Marie Jose, also from the same region, has her own experience as well. Though she considers Kigali her home, she was born in Butare, Rwanda, in 1959. Her mother died the day after she was born. Nuns took her into their care for a few years and then her grandmother took her in. When she reached her third year of primary school, Marie moved to Kigali to join her uncle. She finished primary school in Kigali but could not continue into secondary school. Her uncle asked her to care for his children in exchange for her own provisions. She married a man who lived in the compound with her uncle.
They had ten children; only four of them survive today. Her husband and two of her children were killed in the 1994 genocide, and the other children fell sick from various illnesses. She now lives with four kids and two orphans she adopted after the war.
Tsutomu Yamaguchi is one of the luckiest men in the world. He is among a few people to have survived not one but both of the American atomic bombs dropped on the Japanese cities of Hiroshima and Nagasaki in August 1945. He suffered severe burns to his upper body and temporary blindness.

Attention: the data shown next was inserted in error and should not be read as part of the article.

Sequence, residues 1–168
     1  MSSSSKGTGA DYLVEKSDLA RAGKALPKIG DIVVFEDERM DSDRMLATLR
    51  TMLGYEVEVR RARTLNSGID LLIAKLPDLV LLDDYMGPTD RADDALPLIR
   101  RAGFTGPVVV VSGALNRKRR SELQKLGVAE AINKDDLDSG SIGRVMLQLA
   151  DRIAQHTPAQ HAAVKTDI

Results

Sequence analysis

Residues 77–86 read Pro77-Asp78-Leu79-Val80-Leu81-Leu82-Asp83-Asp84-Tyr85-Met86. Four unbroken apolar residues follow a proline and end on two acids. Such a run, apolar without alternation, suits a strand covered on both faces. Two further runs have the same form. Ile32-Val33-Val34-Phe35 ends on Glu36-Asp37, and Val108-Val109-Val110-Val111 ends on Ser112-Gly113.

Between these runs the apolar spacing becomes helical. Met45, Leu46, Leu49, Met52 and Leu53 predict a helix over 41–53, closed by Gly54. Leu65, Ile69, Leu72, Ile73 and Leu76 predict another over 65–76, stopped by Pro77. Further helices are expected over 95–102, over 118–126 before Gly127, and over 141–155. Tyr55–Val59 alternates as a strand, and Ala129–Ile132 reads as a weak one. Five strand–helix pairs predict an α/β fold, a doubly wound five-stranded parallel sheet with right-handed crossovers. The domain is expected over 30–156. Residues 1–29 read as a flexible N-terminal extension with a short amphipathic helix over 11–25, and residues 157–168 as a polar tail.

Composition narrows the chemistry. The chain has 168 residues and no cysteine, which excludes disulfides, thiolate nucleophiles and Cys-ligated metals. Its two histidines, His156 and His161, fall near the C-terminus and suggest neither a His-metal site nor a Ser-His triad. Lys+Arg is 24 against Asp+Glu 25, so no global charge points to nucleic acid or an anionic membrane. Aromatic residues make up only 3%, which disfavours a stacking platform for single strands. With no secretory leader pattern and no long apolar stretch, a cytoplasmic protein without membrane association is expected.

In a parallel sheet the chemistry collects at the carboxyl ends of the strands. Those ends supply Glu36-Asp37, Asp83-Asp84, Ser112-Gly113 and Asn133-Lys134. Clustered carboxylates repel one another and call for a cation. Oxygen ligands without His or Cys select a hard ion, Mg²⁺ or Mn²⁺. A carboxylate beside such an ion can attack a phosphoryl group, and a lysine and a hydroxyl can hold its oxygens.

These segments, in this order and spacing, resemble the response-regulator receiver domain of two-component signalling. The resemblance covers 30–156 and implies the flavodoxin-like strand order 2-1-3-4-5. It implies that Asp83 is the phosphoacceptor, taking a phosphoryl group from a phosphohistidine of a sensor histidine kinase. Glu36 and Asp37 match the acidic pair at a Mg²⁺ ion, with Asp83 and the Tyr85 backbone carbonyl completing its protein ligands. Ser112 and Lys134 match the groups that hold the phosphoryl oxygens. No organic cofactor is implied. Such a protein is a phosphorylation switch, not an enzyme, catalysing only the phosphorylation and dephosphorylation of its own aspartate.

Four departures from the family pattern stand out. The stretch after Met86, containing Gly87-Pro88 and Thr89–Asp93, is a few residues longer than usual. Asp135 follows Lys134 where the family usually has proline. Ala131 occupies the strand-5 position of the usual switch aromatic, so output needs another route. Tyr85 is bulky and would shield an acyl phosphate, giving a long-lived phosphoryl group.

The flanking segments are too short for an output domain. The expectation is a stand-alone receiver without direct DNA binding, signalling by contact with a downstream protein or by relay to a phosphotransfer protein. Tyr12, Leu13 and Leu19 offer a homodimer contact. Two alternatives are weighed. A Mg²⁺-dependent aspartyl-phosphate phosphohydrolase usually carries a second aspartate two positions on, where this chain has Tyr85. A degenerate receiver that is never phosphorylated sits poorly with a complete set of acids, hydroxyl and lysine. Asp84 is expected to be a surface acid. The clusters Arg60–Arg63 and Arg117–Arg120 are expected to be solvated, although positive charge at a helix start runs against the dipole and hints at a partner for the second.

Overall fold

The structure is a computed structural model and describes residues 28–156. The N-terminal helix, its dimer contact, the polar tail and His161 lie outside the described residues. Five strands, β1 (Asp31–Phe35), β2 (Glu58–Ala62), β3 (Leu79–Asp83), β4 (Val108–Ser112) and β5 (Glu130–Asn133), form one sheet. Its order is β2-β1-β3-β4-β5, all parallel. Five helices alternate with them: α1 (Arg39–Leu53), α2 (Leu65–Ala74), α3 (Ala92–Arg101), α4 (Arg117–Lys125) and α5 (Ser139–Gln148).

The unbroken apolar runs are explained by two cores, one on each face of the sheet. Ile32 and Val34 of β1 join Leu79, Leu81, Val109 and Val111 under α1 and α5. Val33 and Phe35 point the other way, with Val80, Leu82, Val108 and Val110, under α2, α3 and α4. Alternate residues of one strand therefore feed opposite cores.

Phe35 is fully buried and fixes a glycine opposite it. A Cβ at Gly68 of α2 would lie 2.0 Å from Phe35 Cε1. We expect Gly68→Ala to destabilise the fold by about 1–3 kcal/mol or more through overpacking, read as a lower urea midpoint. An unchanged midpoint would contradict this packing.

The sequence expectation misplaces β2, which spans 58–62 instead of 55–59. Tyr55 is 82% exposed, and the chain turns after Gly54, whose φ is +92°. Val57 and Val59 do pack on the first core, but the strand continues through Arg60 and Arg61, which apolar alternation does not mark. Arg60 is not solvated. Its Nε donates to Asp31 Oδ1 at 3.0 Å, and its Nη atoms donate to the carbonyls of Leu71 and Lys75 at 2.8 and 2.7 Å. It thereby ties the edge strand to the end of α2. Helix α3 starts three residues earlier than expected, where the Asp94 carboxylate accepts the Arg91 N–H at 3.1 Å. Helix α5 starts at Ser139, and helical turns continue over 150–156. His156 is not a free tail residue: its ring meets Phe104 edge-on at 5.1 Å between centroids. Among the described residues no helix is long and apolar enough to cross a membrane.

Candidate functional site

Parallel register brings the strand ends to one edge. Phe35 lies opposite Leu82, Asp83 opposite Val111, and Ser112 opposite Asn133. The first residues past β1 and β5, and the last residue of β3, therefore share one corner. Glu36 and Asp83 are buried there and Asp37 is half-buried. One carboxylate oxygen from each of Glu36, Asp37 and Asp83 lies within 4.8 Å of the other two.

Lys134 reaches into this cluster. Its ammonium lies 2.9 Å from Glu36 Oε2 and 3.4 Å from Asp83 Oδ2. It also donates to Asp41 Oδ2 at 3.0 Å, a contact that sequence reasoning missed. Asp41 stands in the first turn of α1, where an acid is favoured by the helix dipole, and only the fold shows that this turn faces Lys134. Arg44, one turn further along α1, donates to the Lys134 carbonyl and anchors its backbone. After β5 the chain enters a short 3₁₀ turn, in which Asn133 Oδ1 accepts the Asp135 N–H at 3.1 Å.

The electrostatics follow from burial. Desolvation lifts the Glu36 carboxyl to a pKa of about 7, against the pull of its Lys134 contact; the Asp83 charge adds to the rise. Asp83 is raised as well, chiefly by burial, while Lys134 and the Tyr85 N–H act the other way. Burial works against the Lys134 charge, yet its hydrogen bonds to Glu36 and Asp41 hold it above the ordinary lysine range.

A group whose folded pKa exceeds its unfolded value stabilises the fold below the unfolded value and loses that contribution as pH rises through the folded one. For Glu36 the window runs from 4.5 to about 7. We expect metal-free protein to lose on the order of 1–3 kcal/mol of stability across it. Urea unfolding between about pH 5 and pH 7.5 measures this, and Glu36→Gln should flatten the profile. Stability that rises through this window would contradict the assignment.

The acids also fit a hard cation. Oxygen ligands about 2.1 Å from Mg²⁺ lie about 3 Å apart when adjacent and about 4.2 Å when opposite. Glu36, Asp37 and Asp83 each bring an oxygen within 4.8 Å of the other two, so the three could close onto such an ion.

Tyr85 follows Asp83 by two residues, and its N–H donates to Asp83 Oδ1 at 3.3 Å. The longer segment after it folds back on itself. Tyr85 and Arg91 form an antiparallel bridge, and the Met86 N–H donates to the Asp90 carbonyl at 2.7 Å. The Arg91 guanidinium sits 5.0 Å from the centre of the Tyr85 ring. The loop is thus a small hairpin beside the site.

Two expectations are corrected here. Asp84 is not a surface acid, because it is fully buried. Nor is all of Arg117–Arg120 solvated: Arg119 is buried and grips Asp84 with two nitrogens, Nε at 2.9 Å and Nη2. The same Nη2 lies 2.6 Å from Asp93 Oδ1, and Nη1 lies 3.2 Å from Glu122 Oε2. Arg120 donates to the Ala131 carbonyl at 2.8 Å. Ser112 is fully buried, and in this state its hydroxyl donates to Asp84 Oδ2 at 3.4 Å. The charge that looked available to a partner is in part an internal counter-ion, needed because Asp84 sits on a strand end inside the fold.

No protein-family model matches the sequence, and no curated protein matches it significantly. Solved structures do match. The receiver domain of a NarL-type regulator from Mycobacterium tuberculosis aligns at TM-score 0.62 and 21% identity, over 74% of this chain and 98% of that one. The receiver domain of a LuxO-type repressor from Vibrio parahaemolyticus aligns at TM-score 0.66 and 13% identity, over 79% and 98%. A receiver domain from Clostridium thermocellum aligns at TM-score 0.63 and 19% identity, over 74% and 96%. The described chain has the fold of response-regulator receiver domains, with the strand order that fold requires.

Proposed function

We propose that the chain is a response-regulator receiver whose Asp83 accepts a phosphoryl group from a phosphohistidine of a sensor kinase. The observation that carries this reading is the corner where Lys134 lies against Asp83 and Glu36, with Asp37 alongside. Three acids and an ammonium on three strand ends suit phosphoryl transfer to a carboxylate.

For years, the dignified, unassuming Yamaguchi has made light of his terrifying ordeal on those August mornings six decades ago, when atom bombs were released on the unprepared, predominantly civilian populations of those two cities in southern Japan. Rather than campaign for recognition, or complain about his lot, even though he spent 16 years wrapped in bandages to help him recover from severe burns, the former draughtsman and engineer rarely talked about what happened to him.
An estimated 140,000 people were killed on the first morning in Hiroshima, and a further 70,000 died in Nagasaki. Nor should the world forget the tragedy that it brought into the life of every person who survived the deadly blasts. Hundreds of thousands more people died in the years after the explosions from illnesses, particularly cancer, brought on by their exposure to radiation.